What's Cool In Road Cycling

Fleche’14: 15 Fotos!

Photog’s Report: Fleche Wallone is defined by its passages up the fearsome Mur de Huy – 1200m of the steepest climbing you can find. PEZ photog Wei Yuet Wong was at the top for the men’s and women’s races, and filed his favorite 15 pics of the day.

– Photos & Words by Wei Yuet Wong –

Compared to the Cauberg at the Amstel Gold Race, the Mur de Huy at La Flèche Wallonne is narrower, steeper, and is more twisty. Well, it can be subjective because the perceived efforts of walking up and down can be different. However, it is more challenging to photograph because there are two races going on at the same time. And add that to moving through the crowds on the hill. The women’s and men’s races take turns to climb the Mur de Huy one after another. Because the climbs are narrow, it also makes it more difficult to move up and down the hill later in the afternoon as more people show up.


At the start, it’s interesting to see who lines up the front, and who goes to the back. Sometimes the interesting stuff happens in front, and sometimes at the back, so getting a great shot can be a bit of “hit or miss”. I went to the back, and saw Loes Gunnewijk of the Orica-AIS team, who’s been described as “one of the best road captains” by PelotonWatch.com. Maybe a kind of role played by George Hincapie, or Bernhard Eisel.


By noon, the hill is already looking very crowded, and yet more people are still arriving. I heard people panting and wheezing even as they are walking up the hill. No doubt, it is one difficult hill. The weather was good, and it’s another excuse to have a nice day out.


The hill is key. Deciding how to make a photo of it was also challenging. Was a bit of trial and error, and there’s only so many times the race passes. Sometimes the ideas work, sometimes they fail. I heard from riders (Julie Leth) that they heard some parts of the crowd laughing at them. The women’s peloton was broken into dozens of groups because it’s raced at a higher intensity from the go. It is a really punishing climb, and all the riders who rode are tough as nails.


The finish line of the Flèche is difficult to make photos because it’s so narrow. Add the number of officials (UCI and ASO), policemen, TV crew, radio crew, photographers, teams, and it’s really crowded. I had to push right to the spectators on my right to make this picture, and maybe I made a person or two annoyed with my elbow. It was really good to hear the crowd so excited, when they said, “Pauline! It’s Pauline!” A popular victory.


I am fascinated by how some riders are camera shy, and how some are not. I never really know what to expect. Sometimes I make some riders annoyed, get too close, or catch them at a bad time. Here Katarzyna Nieuwiadoma still looks very elegant after the punishing race. I made this picture as she was congratulating her teammate Pauline Ferrand-Prévot on her win.


I found this moment quite cute. A fan was taking a selfie with Pauline Ferrand-Prévot. She was very obliging, and even though she needed to go for the anti-doping control, she was still making time for the fans, making them happy.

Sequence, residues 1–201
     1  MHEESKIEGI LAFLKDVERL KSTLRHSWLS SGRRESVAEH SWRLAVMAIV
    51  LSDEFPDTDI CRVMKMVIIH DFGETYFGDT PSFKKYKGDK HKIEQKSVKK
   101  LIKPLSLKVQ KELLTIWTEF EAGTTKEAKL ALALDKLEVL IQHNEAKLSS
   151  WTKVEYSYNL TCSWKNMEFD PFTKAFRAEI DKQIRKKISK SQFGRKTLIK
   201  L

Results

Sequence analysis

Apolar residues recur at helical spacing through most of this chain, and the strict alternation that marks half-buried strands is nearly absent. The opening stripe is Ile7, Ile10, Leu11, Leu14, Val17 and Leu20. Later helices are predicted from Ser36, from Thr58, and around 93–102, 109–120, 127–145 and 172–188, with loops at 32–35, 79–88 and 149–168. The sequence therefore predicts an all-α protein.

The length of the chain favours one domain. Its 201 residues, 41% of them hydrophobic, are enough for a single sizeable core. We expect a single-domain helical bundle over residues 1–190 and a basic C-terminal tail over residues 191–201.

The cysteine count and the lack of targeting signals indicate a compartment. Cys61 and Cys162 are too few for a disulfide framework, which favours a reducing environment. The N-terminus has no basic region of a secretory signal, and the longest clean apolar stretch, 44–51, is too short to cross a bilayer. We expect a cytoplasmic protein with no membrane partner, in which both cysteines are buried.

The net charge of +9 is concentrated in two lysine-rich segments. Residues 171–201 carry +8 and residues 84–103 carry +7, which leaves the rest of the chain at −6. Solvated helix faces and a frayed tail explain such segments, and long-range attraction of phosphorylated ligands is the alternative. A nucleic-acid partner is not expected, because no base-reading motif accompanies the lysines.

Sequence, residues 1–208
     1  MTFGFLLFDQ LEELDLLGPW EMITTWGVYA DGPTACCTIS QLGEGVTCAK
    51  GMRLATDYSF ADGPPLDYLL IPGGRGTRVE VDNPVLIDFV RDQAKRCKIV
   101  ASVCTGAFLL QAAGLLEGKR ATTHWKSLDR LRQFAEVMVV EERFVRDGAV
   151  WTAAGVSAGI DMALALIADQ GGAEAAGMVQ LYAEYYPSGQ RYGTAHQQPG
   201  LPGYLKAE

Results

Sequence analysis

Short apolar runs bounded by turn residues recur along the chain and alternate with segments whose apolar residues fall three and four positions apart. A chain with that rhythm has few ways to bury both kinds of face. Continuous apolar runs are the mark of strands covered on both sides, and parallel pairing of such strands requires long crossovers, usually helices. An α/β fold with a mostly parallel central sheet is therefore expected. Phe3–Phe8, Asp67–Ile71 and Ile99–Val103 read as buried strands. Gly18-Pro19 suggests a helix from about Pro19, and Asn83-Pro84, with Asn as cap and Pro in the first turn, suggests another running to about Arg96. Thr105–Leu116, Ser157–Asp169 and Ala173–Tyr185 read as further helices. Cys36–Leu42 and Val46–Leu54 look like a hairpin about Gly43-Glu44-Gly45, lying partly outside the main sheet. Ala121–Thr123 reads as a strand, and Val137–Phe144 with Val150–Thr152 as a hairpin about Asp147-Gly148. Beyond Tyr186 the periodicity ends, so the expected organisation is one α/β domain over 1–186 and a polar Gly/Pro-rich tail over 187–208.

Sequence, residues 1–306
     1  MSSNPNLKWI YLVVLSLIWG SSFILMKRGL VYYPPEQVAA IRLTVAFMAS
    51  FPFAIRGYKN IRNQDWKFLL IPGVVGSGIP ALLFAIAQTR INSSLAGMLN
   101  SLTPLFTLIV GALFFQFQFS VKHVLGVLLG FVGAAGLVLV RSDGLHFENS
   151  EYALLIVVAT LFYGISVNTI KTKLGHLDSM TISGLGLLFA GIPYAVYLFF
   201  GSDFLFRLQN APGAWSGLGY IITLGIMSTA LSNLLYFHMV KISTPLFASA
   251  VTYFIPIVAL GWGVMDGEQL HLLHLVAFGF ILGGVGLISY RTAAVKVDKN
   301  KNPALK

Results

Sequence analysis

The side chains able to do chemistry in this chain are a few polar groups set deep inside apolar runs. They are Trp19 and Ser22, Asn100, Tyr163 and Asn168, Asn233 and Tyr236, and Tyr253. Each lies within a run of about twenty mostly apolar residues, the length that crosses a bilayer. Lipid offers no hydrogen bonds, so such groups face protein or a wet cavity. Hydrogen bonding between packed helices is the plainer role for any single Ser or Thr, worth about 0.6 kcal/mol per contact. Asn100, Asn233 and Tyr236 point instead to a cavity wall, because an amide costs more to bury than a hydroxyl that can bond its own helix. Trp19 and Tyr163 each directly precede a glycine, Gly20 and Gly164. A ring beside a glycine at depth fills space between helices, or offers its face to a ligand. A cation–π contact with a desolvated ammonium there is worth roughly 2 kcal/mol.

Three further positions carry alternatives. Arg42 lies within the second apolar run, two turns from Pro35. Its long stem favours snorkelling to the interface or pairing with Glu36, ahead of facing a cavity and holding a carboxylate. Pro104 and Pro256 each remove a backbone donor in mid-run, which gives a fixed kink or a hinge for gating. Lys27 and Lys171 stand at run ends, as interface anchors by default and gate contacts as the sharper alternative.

When the women finished, there was about 30 minutes before the men would come around the summit of Huy for their second pass. This was the presentation of the UCI Women’s World Cup jerseys, and it had to be done very quickly, and without the music, as the men were only 3km away.


These two boys were in quite a good spot, just after the finish line, before the team buses. They were shouting, “Bidons!” to any rider who passed by. Not sure about their success rate, but I happened to see Trixi Worrack (Specialized-Lululemon) pass them, heard the “bidon!”, stop, ride back, and gave them her bottle. Nice!


At the finish, I heard Chris Anker Sørensen saying something like “sorry man, we did our best” to Roman Kreuiziger. They were both soaked, and visibly exhausted. Kreuiziger was chosen for anti-doping control, and Sørensen said, “ok, see you later.” I felt that this team looks like they are genuinely friends, and enjoy racing with each other.



I heard that the Classics can be described as “being in a bar fight for a few hours, over narrow, twisty, country roads”. Looked like he certainly had a rough & tumble day.


Compared to the Amstel Gold Race, or Liège-Bastogne-Liège, La Flèche Wallonne is relatively short, at 199km. However, that also means that the racing can be harder from the off. According to Lars Petter Norhaug’s Garmin, 197.8km was covered in 4 hours 37 minutes. That’s an average of 42.8km/h!


I heard some sections of the crowd booing Alejandro Valverde. It looked like it took him back a little too. He looked accusingly at the crowd (just for a bit) as he stepped up to the stage. Whatever that he may or may not have done, the booing is not nice.


Lizze Armistead always looks happy on the podium, and she has reason to. She is having an excellent season. Before the race, she said in an interview with the Guardian newspaper that the Flèche Wallonne is the toughest for her. Second is an outstanding result. And she increases her lead in the UCI Women’s World Cup.


It’s great to see both a men’s and a women’s race at La Flèche Wallonne. Makes it a little more difficult to work because of the time schedules, and also both races start at different places at almost the same time. One cannot be everywhere. It’s still a debate whether both races should be run at the same time, or they should be separate events. Still, I feel it’s a good move for the sport, and people do want to see the women race. And, I feel it is a good time to be involved in women’s cycling.

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